Approaching the Global Competition and the Russian War against the West
Volume Editor:
By comparing the great-powers’ foreign policy, this book investigates the global competition and revisionist attempts to dismantle the Western liberal order. Since February 2022, the international system has been challenged by the Russian invasion in Ukraine and its profound, multiple consequences.Putin’s War has reinvented the West. But still, this is not “the end of history”. To illustrate that tensions between democratic and autocratic great powers are nowadays at their peak since the end of the Cold War, one should consider President Biden’s words in Warsaw, referring to President Putin: “For God’s sake, this man cannot remain in power!”
Composed of original articles from academics and policy notes from practitioners, this book attempts to draw up the state of multilateralism through the UN model and identify potential ways to address its challenges and shortcomings. The contributors question the role of multilateralism, sometimes accused of being fragmented, inefficient and unrepresentative, and its impact on global governance, democracy, trade and investment, the environment, and human rights. Since most of the authors are not from the UN system, the content of the contributions provides an external and more neutral assessment of the UN’s ability to continue to function today as a serious actor within a global movement in favor of a renewed form of multilateralism.
Author:
Buchmann analyses the work of UK, German, Danish and Swedish embassies in the USA and China on climate change in the late 2000s and early 2010s. She relates which coalitions and narratives embassies sought to develop to convince China and the United States that a more progressive climate policy was possible, to achieve gains supporting an agreement under the UNFCCC. This book shows that a key interpretation of climate diplomacy was selling/trade: Europe selling technology “solutions” to solve climate change. In this narrative, Europe has already done what needs to be done and outsourcing of production to China e.g. is ignored. In the USA, embassies entered coalitions with states, faith groups and the military, arguing that a more progressive climate policy was mandated by either God or security concerns. State politicians, including Democrats, often actually didn’t implement any climate policies. Any gains were reversed through climate denial lobbying funded by corporations. Embassies did not address this.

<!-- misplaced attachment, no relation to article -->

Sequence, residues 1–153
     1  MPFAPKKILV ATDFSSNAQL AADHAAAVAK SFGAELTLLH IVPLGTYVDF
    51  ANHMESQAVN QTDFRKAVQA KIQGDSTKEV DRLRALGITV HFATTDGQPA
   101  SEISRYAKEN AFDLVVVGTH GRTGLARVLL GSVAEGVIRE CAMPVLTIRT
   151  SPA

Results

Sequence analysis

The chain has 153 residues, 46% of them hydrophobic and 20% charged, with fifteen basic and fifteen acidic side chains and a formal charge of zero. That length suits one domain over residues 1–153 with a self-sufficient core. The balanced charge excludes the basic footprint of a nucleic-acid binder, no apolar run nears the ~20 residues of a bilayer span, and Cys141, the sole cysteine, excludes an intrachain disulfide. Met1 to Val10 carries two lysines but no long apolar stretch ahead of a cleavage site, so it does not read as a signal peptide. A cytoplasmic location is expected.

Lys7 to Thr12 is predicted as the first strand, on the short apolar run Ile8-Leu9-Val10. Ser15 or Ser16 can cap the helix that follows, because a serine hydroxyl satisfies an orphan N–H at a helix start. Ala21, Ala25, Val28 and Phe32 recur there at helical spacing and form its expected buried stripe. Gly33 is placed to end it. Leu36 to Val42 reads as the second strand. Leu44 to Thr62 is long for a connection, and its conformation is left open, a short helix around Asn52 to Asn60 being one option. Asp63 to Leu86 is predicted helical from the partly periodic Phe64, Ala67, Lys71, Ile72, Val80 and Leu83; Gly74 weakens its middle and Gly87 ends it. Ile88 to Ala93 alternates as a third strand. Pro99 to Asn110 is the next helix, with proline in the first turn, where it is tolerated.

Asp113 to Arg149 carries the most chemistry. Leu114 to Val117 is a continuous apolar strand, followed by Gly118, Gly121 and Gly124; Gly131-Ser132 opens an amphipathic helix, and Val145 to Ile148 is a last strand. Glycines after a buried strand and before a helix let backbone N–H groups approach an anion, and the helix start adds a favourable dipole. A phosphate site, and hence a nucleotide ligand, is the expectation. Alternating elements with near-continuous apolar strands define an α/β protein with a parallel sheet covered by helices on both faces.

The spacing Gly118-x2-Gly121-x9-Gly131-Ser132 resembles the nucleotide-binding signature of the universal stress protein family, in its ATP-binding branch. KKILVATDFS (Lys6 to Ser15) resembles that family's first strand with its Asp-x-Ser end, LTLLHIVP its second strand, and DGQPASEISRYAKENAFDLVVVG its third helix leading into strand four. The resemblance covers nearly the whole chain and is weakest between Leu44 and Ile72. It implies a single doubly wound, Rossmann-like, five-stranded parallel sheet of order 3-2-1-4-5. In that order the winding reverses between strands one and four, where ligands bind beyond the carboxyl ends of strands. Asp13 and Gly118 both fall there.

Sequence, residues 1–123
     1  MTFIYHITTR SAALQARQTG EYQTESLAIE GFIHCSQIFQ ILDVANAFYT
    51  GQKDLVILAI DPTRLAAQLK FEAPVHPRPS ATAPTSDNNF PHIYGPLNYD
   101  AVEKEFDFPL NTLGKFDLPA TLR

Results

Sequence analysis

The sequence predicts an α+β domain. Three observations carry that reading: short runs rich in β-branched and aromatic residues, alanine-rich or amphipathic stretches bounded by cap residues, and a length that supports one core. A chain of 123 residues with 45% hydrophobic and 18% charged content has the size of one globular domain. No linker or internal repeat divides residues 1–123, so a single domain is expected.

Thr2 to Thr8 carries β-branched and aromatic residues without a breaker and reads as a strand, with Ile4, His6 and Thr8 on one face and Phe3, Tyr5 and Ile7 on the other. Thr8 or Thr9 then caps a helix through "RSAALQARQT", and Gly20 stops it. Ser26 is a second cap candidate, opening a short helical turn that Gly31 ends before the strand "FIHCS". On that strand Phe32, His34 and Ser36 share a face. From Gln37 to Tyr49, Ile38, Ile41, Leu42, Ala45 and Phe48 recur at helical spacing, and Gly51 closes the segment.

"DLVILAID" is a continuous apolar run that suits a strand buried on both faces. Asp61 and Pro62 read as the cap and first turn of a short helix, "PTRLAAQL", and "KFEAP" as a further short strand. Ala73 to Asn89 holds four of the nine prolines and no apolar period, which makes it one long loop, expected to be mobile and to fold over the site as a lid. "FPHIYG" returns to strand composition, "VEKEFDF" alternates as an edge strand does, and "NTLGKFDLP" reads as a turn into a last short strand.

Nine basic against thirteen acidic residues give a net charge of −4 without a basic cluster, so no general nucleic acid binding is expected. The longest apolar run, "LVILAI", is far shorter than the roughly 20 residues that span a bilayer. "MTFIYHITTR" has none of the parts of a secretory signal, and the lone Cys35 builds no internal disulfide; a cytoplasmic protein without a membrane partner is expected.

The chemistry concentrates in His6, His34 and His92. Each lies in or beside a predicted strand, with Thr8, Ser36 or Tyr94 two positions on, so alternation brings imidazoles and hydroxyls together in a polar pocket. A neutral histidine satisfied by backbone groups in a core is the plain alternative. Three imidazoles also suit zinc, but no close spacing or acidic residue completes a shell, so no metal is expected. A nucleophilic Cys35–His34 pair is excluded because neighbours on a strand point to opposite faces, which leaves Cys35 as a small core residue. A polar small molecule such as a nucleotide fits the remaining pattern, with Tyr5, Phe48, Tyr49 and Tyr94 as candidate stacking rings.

Editors / Translators: and
Commissioned by the Qianlong emperor in 1751, the Qing Imperial Illustrations of Tributary Peoples (Huang Qing zhigong tu 皇清職貢圖), is a captivating work of art and an ideological statement of universal rule best understood as a cultural cartography of empire. This translation of the ethnographic texts accompanied by a full-color reproduction of Xie Sui’s (謝遂) hand-painted scroll helps us to understand the conceptualization of imperial tributary relationships the work embodies as rooted in both dynastic history and the specifics of Qing rule.
If you want to better understand not only international but also social diplomacy, then this book is for you. If you are a practitioner in traditional diplomacy or a person who want to apply diplomatic ideas and methods in social life, you can find many useful insights in this original work. A scholar and experienced diplomat, the author argues that international and social diplomacy can learn from each other. He explores genuine diplomacy as a goodwill mission, constructive engagement, and dialogical interaction that can help states, non-state organizations, companies, groups, individuals, and their aggregations to create public goods and make positive social changes.